The unemployment rate is measured by the separate Household Survey, and it fell two-tenths of a percentage point to 7.4 percent, its lowest level since December 2008. That’s due in part to slow growth in the labor force. The jobless rate is based on a sample of self-reporting from ordinary people across the nation, and it’s the Labor Department measure that shows a very troubling trend in hiring.
“Over the last six months, of the net job creation, 97 percent of that is part-time work,” said Keith Hall, a senior researcher at George Mason University’s Mercatus Center. “That is really remarkable.”
Hall is no ordinary academic. He ran the Bureau of Labor Statistics, the agency that puts out the monthly jobs report, from 2008 to 2012. Over the past six months, he said, the Household Survey shows 963,000 more people reporting that they were employed, and 936,000 of them reported they’re in part-time jobs.
“That is a really high number for a six-month period,” Hall said. “I’m not sure that has ever happened over six months before.”
No wonder workers are struggling to make ends meet—job creation is weak and most of the jobs being created are low paying and part time. But it is not like corporations don’t care. For example, McDonald’s Corporation teamed with Visa to offer its workers a helping hand: a web page with advice about how to budget better. This must be a great help to workers that earn on average about $8.25 an hour.
The McDonald’s working budget, shown below, is a bit hard to interpret. What is clear however is that the company expects workers to have two jobs, pay $20 a month for health care, nothing for heat, $600 a month for rent, and . . .
For insight into what it is like to live on a McDonald’s wage, check out the Bloomberg story on Tyree Johnson, a 20 year employee still making minimum wage. Corporations like McDonalds don’t pay these low wages because they are hurting but rather because they help their bottom line, as the following graphic from the Bloomberg story shows.
Corporate apologists often argue that these jobs are just “starter” jobs for high school students seeking to earn money for some extra like a smart phone. But as the New York Times notes, only 14% of those earning between the minimum wage and $10 an hour are less than 20 years old.
As Steven Greenhouse reports, fast food and other low wage workers have begun organizing and striking to improve their working conditions; they are demanding a $15 hourly wage:
In recent weeks, workers from McDonald’s, Taco Bell and other fast-food restaurants — many of them part-time employees — have staged one-day walkouts in New York, Chicago, Detroit and Seattle to protest their earnings, typically just $150 to $350 a week, often too little to support themselves and their families. More walkouts are expected at fast-food restaurants in seven cities on Monday. Earlier this month hundreds of low-wage employees working for federal contractors in Washington walked out and picketed along Pennsylvania Avenue to urge President Obama to press their employers to raise wages.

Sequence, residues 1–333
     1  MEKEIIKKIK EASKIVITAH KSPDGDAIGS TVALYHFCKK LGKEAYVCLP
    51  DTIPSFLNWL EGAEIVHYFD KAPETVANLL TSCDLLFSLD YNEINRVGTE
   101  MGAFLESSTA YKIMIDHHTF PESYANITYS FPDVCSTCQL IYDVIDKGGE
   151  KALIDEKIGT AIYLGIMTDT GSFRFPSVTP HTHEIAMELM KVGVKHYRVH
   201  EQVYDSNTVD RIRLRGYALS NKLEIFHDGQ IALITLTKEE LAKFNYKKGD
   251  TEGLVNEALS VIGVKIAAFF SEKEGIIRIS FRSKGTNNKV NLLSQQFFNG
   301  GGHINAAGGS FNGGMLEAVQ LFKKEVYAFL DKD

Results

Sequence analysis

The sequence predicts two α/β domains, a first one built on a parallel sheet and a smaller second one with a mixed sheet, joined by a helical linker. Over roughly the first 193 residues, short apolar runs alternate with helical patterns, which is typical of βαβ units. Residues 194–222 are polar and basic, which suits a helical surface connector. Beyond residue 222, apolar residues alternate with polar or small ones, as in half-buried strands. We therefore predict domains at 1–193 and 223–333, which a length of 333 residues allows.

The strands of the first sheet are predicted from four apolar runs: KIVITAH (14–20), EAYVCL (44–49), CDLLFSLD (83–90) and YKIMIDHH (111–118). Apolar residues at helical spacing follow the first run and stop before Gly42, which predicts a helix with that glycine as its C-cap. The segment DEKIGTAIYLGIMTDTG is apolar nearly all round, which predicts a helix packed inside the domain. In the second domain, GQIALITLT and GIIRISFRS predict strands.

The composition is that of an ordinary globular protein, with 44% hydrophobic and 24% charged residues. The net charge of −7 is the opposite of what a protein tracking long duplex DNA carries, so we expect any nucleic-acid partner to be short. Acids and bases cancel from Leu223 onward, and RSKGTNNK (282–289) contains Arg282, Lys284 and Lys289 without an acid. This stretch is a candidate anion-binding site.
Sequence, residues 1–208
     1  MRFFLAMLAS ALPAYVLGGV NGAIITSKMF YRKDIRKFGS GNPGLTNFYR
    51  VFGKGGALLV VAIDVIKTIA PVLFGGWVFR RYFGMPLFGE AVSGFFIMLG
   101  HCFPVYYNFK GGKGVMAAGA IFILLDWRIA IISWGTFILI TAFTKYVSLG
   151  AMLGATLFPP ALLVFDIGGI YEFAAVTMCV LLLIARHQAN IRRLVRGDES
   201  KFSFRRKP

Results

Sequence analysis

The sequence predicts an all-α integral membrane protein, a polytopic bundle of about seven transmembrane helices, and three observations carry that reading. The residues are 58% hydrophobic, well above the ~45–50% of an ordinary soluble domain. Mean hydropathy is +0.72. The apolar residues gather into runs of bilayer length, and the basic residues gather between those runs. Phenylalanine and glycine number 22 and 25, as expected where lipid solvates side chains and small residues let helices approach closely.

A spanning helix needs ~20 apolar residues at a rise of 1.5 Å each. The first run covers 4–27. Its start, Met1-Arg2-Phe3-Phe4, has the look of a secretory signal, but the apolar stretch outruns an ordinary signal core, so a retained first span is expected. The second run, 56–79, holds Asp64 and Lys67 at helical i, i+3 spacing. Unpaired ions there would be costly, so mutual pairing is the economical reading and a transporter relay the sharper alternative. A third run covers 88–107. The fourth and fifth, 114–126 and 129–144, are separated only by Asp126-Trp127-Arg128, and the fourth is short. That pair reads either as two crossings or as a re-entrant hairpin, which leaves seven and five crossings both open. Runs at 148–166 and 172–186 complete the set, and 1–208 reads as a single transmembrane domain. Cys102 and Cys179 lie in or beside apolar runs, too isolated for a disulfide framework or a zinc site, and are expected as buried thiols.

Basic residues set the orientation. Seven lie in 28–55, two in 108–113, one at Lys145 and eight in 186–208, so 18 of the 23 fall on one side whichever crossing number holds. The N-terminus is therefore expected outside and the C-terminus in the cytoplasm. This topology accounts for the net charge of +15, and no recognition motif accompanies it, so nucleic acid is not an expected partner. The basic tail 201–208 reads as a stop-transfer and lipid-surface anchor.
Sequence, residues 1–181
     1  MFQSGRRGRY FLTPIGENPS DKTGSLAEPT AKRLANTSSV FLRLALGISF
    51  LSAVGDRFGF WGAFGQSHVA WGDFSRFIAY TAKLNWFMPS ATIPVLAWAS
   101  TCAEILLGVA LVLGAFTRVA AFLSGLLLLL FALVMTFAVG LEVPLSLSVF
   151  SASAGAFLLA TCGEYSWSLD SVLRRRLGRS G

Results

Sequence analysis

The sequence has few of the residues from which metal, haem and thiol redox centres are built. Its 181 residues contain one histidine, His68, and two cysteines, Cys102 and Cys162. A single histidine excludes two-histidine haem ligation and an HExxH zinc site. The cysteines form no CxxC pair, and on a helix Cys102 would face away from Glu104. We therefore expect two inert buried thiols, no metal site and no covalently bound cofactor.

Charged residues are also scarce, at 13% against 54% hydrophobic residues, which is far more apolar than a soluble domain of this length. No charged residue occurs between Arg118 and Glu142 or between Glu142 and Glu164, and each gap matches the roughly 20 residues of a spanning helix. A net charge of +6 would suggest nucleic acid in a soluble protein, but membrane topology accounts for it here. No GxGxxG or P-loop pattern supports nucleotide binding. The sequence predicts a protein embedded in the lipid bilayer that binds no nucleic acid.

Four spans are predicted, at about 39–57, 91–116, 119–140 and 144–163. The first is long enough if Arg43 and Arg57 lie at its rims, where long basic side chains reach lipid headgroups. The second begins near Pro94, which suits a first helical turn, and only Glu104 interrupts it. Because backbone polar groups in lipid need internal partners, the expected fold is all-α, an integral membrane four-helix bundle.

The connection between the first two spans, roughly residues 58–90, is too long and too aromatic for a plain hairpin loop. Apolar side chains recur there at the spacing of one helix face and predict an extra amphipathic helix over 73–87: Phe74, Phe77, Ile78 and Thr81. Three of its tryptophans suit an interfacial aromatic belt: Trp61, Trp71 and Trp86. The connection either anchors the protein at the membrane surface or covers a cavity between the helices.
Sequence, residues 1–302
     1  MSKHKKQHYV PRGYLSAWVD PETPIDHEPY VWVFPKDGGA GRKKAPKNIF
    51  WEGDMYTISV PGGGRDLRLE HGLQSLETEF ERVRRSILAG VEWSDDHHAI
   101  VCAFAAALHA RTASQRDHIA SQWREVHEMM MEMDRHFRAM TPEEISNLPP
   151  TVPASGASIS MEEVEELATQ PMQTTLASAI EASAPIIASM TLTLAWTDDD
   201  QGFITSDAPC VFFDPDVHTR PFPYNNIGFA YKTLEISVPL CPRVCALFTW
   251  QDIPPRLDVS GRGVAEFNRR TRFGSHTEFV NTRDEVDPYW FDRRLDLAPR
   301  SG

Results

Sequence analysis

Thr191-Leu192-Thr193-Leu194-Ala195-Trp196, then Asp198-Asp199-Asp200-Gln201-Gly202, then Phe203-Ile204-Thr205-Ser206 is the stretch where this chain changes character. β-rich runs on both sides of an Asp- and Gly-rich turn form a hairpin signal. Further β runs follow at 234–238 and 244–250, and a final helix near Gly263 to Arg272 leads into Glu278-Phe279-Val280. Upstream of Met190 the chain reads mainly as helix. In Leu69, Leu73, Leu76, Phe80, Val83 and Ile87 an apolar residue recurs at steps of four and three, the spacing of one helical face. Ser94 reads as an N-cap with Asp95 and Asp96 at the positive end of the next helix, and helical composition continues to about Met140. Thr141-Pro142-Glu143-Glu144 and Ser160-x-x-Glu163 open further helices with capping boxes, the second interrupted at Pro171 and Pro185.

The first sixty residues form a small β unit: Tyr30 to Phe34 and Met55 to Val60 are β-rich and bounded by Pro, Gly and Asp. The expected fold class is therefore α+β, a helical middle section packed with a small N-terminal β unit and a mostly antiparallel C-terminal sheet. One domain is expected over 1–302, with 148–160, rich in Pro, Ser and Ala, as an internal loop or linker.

These workers are taking real risks and if successful their gains would likely boost living and working conditions for most U.S. workers. They deserve our strong support.
Media and policy-makers seem anxious to convince us that the economy is in strong recovery mode. Therefore no further significant policy interventions are needed.
Their optimism appears to rest heavily on the recent acceleration in consumer spending. After all, there are strong reasons for concern with the other major sources of growth: government spending on all levels is being cut, exports face a weakening world economy, and business investment remains largely stagnate.
But there are also strong reasons to challenge this optimistic view of consumer spending as a growth engine. The charts below, from a Wall Street Journal article, highlight some of the most important.
As we see below, while consumption spending is indeed accelerating, after tax personal income is falling. In other words, there appears little reason to believe that there is a solid foundation for sustaining this trend.
Additionally, after four years of recovery we still have 2.4 million fewer jobs than we had at the start of the recession. Moreover, as we see below, there has been no real wage growth. In fact, real average wages have fallen for most of the so-called expansionary period.
Yes, housing values are finally starting to rise and household debt payments as a share of after-tax income are declining. But to a large extent the new burst in consumption spending has more to do with renewed borrowing than solid gains in job creation and income.
Unfortunately, there is little reason for us to have confidence that the economy is gathering strength in ways that will be sustainable or benefit the great majority of working people.
One of the subthemes of current discussions about how best to reduce our national debt is that we must reign in out-of-control spending on federal safety net programs. The reality is quite different.
The chart below shows spending trends in terms of GDP for the ten major needs-tested benefit programs that make-up our federal social safety net. The programs, in the order listed on the chart, are:
- The refundable portion of the health insurance tax credit enacted in the 2010 health care reform law
- Medicaid and the Children’s Health Insurance Program (CHIP)
- The Supplemental Nutrition Assistance Program (SNAP)